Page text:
Five people have been killed in severe thunderstorms, flash flooding, hail and winds as strong as 80 mph winds in the Northeast, officials said. Up to TEN INCHES of rain is expected to continue falling on the area Wednesday through Friday!
Two people died in New York state, including an 11-year-old girl, when trees fell. Two died in Connecticut and one man in Pennsylvania. All the deaths were storm related.
New York Gov. Andrew Cuomo late Tuesday declared an emergency in several counties and deployed members of the New York National Guard to assist with recovery operations.
"There is still a lot of damage from the storms that rolled across the region yesterday," The National Weather Service in New York said in a tweet Wednesday. "Remember to stay away and not touch any downed wires. They could be live."
Straight-line winds from the storms were amazingly fast and powerful. Here's what the National Weather Service recorded during the deluge:
Although the storms have passed, forecasters said the risk of flooding will continue into Wednesday.
Areas from Virginia up into Southern New Jersey could see anywhere between 4 to 8 inches of rainfall, with localized amounts exceeding 10 inches.
Much of the east coast from North Georgia up through Pennsylvania and New Jersey will likewise see rain in the next three days.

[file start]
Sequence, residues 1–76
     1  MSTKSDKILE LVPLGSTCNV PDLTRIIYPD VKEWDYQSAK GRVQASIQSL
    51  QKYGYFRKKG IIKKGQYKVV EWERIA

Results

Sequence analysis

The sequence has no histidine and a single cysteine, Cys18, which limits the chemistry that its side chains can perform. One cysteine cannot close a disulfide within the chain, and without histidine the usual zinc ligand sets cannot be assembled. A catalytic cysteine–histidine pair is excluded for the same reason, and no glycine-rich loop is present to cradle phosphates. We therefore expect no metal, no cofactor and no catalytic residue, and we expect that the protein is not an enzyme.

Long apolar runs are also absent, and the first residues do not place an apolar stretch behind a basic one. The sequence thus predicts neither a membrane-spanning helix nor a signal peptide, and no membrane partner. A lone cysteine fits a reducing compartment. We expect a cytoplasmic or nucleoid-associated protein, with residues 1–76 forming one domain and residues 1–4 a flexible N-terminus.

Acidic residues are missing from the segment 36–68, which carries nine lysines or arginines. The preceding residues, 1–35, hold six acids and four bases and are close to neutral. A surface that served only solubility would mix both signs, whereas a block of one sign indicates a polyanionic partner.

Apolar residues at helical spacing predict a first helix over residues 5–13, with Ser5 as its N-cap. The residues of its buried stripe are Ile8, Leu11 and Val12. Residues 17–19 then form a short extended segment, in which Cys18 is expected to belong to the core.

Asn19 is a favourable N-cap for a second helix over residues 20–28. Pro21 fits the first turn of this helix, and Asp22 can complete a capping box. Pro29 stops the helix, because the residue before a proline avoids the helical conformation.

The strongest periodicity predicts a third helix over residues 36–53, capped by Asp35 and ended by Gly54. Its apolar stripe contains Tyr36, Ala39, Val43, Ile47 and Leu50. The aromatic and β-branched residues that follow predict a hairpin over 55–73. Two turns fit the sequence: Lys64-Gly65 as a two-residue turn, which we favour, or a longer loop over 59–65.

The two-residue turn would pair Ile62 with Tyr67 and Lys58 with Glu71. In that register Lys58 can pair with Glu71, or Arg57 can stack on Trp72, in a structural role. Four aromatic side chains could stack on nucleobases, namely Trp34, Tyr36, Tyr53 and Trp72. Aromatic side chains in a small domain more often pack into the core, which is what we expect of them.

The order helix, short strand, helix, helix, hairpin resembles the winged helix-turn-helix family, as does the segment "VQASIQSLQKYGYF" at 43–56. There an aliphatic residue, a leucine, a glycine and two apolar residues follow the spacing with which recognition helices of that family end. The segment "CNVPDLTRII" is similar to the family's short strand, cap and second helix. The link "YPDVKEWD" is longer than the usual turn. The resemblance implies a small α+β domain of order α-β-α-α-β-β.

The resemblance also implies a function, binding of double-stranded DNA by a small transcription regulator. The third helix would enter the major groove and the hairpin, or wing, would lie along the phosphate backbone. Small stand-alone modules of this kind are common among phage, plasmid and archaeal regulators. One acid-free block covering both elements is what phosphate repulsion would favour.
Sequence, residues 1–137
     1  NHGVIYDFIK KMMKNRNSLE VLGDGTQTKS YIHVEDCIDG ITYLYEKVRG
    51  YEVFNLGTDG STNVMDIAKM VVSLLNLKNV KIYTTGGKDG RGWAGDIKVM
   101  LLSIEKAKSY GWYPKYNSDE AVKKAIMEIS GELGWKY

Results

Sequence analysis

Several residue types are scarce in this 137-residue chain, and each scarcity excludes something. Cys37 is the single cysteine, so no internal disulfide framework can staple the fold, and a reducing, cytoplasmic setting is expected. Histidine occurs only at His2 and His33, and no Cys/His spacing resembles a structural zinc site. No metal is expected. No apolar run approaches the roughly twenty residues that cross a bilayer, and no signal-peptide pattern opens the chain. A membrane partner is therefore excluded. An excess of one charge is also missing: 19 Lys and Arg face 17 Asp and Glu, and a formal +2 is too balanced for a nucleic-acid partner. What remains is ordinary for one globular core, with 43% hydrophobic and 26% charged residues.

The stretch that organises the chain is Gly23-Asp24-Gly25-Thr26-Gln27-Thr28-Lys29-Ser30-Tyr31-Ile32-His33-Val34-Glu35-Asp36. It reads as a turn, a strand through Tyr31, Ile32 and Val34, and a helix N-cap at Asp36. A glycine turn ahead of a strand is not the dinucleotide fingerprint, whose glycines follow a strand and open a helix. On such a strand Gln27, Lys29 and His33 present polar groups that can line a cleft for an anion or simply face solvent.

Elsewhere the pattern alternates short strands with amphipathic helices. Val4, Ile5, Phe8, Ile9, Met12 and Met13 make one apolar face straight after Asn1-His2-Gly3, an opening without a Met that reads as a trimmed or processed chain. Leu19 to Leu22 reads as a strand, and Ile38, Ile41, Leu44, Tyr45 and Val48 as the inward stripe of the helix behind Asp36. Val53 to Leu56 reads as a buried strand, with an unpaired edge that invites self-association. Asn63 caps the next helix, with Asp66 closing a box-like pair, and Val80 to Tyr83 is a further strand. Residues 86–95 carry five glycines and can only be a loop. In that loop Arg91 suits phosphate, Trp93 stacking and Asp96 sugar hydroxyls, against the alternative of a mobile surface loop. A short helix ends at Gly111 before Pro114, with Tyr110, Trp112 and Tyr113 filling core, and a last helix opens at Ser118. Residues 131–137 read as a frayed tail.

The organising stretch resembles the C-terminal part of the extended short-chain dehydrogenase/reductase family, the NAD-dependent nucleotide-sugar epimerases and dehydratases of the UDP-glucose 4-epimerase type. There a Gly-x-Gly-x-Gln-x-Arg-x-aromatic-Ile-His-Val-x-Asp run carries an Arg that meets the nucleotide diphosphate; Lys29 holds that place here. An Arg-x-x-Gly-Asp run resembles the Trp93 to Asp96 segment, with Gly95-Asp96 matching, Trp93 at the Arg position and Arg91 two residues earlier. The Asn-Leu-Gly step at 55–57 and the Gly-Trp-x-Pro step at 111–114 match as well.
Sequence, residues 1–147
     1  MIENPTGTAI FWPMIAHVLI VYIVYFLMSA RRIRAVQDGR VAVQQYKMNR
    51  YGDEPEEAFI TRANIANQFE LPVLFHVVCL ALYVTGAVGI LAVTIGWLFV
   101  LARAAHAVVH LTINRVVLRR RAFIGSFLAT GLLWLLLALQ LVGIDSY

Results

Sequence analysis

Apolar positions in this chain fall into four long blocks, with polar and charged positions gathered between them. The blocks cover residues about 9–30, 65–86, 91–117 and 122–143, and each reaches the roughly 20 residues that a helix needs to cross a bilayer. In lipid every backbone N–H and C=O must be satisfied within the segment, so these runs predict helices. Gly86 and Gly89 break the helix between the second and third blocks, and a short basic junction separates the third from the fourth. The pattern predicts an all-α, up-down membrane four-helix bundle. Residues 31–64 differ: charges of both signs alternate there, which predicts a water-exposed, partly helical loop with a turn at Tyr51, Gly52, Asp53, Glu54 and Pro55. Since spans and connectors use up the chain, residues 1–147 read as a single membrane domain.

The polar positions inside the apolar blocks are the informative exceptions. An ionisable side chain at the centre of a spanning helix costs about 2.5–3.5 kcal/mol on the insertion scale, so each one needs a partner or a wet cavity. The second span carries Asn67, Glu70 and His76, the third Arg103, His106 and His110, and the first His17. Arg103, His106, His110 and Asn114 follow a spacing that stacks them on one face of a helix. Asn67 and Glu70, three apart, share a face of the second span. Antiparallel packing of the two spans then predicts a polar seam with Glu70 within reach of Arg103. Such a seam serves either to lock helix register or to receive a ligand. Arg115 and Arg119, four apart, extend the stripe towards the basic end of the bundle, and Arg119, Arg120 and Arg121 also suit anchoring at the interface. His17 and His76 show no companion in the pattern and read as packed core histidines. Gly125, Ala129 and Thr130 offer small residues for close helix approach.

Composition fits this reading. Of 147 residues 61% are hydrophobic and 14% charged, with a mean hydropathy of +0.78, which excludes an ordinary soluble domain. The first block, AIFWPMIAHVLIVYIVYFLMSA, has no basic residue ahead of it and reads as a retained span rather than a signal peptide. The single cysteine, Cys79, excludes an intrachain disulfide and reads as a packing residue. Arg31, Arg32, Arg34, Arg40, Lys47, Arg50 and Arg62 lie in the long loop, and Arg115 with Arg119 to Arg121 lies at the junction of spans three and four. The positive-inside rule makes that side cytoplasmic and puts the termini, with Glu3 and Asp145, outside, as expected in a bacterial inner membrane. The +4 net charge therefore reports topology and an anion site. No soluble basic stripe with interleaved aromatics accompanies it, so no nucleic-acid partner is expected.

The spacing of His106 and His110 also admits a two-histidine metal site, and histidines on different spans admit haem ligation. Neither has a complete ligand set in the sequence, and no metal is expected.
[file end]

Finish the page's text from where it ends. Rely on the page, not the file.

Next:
Utilities are working to restore power to nearly 360,000 people in Pennsylvania, New York, New Jersey and Connecticut.
The weather also stranded thousands of commuters Tuesday in Manhattan's Grand Central Terminal after all of the Metro-North rail lines were suspended due to downed trees on the tracks.
Nickel to golf ball-sized hail and a possible tornado were also reported from southern Massachusetts through Pennsylvania and into parts of Virginia. In Maryland, more than 60 water rescues were reported in Frederick County after over 6 inches of rain fell Tuesday.
Currently on the Montclair Boonton Line: Fallen tree on tracks near Little Falls due to this evening’s inclement weather. pic.twitter.com/wQP5a7nlKO— NJ TRANSIT (@NJTRANSIT) May 15, 2018